ROCKWELL CITY - Calhoun County is honoring its veterans by creating a memorial outside the Calhoun County Courthouse.
At the center of the memorial is a Freedom Rock, which Ray Sorensen has been painting since Monday.
"I was inspired by my uncle Ted, who served in Vietnam," Sorensen said.
-Messenger photo by Jesse Major
Ray Sorensen paints the Calhoun County Freedom Rock in Rockwell City. Sorensen plans to paint a Freedom Rock in each of Iowa’s 99 counties to honor veterans.
Sorensen travels Iowa painting Freedom Rocks; his goal is to paint one in each of Iowa's 99 counties.
Calhoun County is his 20th.
"I've always had a love and respect for our veterans," Sorensen said.
The Calhoun County Freedom Rock sits in a bed of gravel surrounded by a stone wall. It is only part of what will be a veterans memorial.
"It will be a full-fledged veterans memorial with the rock being the focal point," said Theresa Hildreth, a member of the Calhoun County Freedom Rock Committee.
Around the rock, the county plans to install seven flag poles, which have already been funded.
After more fundraising, the memorial will include benches and a paving stone patio.
"It's a great way to honor our Calhoun County soldiers, past, present and future," Hildreth said. "It will be a place where people can memorialize their loved ones."
She expects the paving stone patio to be installed next spring.
She is also planning a Freedom Rock motorcycle ride for next spring; the 311-mile ride will tour Freedom Rocks in surrounding counties.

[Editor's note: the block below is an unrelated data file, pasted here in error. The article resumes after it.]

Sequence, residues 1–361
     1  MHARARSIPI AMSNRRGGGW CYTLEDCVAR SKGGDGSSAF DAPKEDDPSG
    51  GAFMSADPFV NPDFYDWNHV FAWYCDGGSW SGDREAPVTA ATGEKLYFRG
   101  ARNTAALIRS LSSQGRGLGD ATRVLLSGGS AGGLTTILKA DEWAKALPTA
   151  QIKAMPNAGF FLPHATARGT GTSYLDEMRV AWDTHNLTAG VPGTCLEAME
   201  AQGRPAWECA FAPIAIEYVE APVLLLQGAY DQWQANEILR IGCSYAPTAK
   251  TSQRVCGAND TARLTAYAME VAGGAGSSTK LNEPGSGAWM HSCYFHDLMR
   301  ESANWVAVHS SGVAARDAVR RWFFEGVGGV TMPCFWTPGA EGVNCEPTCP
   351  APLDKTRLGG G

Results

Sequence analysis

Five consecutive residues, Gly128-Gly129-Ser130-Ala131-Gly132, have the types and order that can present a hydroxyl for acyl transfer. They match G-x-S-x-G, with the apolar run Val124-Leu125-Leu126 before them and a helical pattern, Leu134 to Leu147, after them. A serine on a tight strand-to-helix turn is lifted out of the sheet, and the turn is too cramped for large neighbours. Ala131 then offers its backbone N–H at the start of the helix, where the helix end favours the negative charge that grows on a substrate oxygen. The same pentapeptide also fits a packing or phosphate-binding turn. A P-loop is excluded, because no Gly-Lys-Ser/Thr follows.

The rock that Sorensen has been painting was donated by Bill and Janet Anderson of Rockwell City.
Rockwell City commissioned Sorensen to paint the rock with the approval of the Calhoun County Board of Supervisors.
This is the second year Sorensen has been on his Freedom Rock tour.
He started it after painting the first Freedom Rock, which weighs more than 60 tons.
"I saw how veterans were treated," he said.
He was inspired by the movie "Saving Private Ryan," when the troops stormed the beaches of Normandy.
"I thought of how lucky I was that I didn't have to do that."
Sorensen paints about 10 rocks a year and expects to be working on the Freedom Rock tour for about 10 years.
To honor veterans who have died, he paints their ashes into some of the Freedom Rocks.
The original Freedom Rock is painted with the ashes of more than 70 veterans.